Thursday, March 24, 2011

What does the Dalai Lama's 'retirement' means for religious freedom?

The romantic image of the Dalai Lama
as Spiritual Leader - a holy man in robes
There are recent reports that the Dalai Lama's decision to retire from politics, expressed earlier this month, has been accepted by the Tibetan Parliament.  So does this mean that the Dalai Lama has really retired, and what are the implications for Dorje Shugden practitioners who are still experiencing discrimination at the hands of the Tibetan Government in Exile?

Time will tell.  Perhaps the Dalai Lama has simply retreated into the background to create a 'democracy with 'Tibetan characteristics' (a continuing Theocracy) and from a practical point of view will continue to control all aspects of life for ordinary Tibetans, as has been the case for the past sixty years and beyond, or perhaps his decision heralds a new era of openness and true democracy with a genuine democratically-elected secular leader, the Kalon Tripa.  The main question is - what will happen to religious freedom in this new system; will things be better or worse?

 The hypocrisy of the Dalai Lama's 'non-sectarianism'

The Dalai Lama's
words and actions
 don't match
Although the Dalai Lama has encouraged Tibetans to freely practice all traditions of Tibetan Buddhism and not to see any differences between them, a policy that heralds disaster for the future of Tibetan Buddhism and that is not even in accord with the Rime or non-sectarian movement of the last two centuries, he has been consistently hard on those who practise Dorje Shugden.  To the Western world, the Dalai Lama proclaims that we should be respectful and open minded towards all faiths, even writing a book on the subject, but, with characteristic hypocrisy, he has been less charitable towards the followers of Dorje Shugden, the main Protector practice of many powerful Gelugpa Teachers for four hundred years, and has preached anything other than peaceful co-existence. He has introduced an undemocratic ban on the practice, galvanising both Tibetans and Westerns to abandon the practice and ostracise those who refuse to give it up.  Tibetans have had to swear an oath to do these two things, even in free, democratic countries such as Switzerland and the USA.

Ostracism and discrimination

The unacceptable face of the
Dalai Lama's sectarian ban
The ban has meant that Shugden practitioners are denied basic rights, such the freedom to travel, enter certain shops and receive medical treatment and education. You can watch Al Jazeera's unbiased report on this issue. It seems that Dorje Shugden has been the Dalai Lama's particular political obsession of the past thirty years, along with the problem of Tibet, but it has only ever been a means to an end, a smokescreen to distract from his failure to secure any autonomy for Tibet.  Behind the scenes, he has tried to cement his position of holder of supreme spiritual and political power in Tibetan society while at the same time, showing a public face of tolerance, peace and compassion to the Western media.  This policy of having two faces has served the Dalai Lama very well up to this point, but what does the future hold?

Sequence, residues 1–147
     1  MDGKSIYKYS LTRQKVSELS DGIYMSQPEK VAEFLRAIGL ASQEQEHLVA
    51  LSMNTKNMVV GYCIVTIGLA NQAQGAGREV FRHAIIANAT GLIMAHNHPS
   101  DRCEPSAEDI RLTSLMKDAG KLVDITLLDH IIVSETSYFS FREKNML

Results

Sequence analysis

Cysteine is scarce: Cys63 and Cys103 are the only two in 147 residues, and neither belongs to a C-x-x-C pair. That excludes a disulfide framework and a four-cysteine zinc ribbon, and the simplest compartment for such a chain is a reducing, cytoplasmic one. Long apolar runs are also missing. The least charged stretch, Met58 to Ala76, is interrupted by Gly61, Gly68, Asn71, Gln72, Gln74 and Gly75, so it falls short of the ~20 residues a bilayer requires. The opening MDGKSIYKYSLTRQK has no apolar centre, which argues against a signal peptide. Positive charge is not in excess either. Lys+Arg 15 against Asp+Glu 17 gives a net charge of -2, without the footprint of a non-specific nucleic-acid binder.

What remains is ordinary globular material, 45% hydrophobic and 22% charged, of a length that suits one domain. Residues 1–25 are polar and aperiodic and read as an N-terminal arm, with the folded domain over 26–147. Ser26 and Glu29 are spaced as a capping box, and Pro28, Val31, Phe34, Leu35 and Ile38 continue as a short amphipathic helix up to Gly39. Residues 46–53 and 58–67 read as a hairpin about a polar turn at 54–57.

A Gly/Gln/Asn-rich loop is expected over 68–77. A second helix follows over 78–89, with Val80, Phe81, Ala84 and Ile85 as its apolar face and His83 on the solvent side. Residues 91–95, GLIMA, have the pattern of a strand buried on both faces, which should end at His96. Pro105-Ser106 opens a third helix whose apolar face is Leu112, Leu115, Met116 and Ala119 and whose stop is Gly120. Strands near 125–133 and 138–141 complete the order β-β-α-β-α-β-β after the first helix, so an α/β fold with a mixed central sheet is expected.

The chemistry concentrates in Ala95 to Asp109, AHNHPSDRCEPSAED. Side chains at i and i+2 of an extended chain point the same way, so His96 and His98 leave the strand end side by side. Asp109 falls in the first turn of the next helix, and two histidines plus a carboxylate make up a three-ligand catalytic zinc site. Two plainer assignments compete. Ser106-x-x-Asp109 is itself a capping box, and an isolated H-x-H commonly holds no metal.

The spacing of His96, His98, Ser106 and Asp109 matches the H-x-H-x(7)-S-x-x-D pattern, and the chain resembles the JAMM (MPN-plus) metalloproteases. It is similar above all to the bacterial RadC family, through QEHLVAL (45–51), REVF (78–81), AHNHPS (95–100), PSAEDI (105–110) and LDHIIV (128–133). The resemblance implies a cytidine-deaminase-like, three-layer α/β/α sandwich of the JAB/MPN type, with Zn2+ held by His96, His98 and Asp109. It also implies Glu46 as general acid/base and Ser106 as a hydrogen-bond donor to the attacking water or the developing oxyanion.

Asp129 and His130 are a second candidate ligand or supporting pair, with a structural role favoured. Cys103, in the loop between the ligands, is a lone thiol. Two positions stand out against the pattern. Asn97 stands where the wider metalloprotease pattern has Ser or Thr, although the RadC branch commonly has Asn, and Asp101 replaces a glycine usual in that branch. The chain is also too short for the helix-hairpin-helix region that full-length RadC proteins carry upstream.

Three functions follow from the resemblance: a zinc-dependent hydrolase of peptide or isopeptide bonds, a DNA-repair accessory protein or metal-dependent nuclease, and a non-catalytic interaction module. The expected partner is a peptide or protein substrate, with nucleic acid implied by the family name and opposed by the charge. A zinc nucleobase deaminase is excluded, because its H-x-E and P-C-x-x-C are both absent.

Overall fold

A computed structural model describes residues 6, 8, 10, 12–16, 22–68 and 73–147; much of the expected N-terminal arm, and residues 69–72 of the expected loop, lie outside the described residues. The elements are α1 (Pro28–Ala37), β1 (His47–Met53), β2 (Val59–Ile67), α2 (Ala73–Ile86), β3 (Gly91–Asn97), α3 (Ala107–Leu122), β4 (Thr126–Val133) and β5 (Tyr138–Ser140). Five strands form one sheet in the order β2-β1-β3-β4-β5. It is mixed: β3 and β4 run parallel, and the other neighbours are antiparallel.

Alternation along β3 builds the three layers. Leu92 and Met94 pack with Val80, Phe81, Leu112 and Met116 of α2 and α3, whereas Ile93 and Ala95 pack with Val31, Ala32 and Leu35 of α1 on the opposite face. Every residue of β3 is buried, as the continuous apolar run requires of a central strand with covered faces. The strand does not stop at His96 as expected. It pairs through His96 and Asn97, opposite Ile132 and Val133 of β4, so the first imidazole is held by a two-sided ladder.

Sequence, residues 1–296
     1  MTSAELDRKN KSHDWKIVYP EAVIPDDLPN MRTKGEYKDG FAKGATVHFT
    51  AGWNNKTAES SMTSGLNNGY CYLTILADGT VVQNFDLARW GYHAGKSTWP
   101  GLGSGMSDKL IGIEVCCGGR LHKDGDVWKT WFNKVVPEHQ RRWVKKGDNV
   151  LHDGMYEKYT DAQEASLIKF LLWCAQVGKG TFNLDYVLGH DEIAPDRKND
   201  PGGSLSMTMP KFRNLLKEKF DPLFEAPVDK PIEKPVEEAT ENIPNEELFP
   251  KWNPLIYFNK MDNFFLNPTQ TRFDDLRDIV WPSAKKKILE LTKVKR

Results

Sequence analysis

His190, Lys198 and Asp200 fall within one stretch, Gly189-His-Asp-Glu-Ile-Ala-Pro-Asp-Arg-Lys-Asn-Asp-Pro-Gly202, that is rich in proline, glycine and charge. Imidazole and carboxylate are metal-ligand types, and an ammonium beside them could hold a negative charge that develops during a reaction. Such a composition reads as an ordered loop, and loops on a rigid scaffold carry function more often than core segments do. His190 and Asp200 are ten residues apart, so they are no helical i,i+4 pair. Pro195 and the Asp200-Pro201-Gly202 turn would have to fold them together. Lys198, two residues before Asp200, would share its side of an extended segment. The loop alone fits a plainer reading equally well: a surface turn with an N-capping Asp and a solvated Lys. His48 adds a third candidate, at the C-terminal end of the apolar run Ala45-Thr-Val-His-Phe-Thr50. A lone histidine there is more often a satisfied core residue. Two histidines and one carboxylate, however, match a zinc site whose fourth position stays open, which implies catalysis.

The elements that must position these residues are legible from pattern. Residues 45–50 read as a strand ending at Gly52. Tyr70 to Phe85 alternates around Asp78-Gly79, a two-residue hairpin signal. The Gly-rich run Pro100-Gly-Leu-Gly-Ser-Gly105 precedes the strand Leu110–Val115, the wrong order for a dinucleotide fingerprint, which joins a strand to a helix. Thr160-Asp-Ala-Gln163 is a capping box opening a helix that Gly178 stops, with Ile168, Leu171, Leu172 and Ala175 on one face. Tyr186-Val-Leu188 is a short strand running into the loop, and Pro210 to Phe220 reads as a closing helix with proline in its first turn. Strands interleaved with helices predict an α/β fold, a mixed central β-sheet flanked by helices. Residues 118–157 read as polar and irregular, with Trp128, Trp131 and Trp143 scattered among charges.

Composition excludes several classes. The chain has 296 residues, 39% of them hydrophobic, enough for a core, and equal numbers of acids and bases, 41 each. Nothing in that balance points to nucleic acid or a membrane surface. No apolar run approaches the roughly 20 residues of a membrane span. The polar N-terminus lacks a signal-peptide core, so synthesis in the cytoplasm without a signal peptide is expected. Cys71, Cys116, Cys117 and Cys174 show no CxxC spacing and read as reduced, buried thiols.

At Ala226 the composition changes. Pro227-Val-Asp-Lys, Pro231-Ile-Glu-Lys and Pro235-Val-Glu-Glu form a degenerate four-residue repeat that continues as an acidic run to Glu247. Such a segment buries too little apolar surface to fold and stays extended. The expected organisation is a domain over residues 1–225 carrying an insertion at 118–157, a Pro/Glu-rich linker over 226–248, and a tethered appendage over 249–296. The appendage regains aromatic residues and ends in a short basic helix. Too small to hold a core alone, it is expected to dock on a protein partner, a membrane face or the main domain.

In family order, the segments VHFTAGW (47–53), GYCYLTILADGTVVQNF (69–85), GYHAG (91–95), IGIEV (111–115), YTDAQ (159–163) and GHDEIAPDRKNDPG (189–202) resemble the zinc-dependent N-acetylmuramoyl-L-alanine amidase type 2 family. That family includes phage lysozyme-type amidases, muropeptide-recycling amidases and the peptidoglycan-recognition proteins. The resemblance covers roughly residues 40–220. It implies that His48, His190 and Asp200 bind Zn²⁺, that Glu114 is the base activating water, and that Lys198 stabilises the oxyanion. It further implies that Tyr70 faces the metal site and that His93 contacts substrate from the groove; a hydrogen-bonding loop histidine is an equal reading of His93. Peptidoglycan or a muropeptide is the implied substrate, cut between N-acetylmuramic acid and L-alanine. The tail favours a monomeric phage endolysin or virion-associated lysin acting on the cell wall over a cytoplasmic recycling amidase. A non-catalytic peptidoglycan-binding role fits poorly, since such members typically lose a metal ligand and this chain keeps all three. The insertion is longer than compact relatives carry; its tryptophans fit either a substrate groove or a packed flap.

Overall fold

What is the Dalai Lama's role now?

The Deification of the Dalai Lama
began with the political machinations
of the 'Great Fifth' 
Although loved by the Tibetan people and held to be a Buddha by Tibetan Buddhists, the Dalai Lama's role as a spiritual leader is completely unnecessary because each tradition of Tibetan Buddhism has its own Head, so what is his role?  It seems that, over the past nearly four hundred years, the Dalai Lama has made himself indispensable to the Tibetan people, where they cannot think to do anything without his guidance.  He built the Potala palace and made himself into a God-King.  It's shocking to realise that the Dalai Lama has played the role of the cloying mother for four hundred years who, out of fear of redundancy, has refused to let her children grow up and stand on their own two feet.  He has dictated Tibetan religio-political policy, creating the 'Lama Policy' that has poisoned Buddhism and threatened the pure teachings of Buddha Shakyamuni in this world, and he has used them to build a fortress of respectibility to the point where he is considered one of the most influential people in the world by Time Magazine.

The future for Shugden practitioners

The Shugden ban -  largely ignored by the world's media
despite extensive protests worldwide
What does the Dalai Lama's retirement from front line politics mean to Shugden practitioners who have been persecuted by him and his followers for the past thirty years?  At this point, it's hard to say.  It's hard to imagine that the Tibetan Government in Exile will immediately change their policy, given that it is clearly one of the Dalai Lama's most treasured, but maybe over time a true democracy and non-sectarianism will emerge if the Dalai Lama's influence is allowed to fade.  The draconian ban of Shugden practice is clearly not a democratic policy but the heart aim of just one person, so there is every hope that things will change.  However, in the meantime, as a 'spiritual leader'. the Dalai Lama will have more time on his hands and this doesn't bode well for Shugden followers as he will have many opportunities to speak out and further poison the hearts of Tibetans and Western followers of Tibetan Buddhism towards the practice and its devotees.  It's hard to believe that he will stop following his long treasured aim of destroying the practice and only time will tell what this all means for true democracy and religious freedom.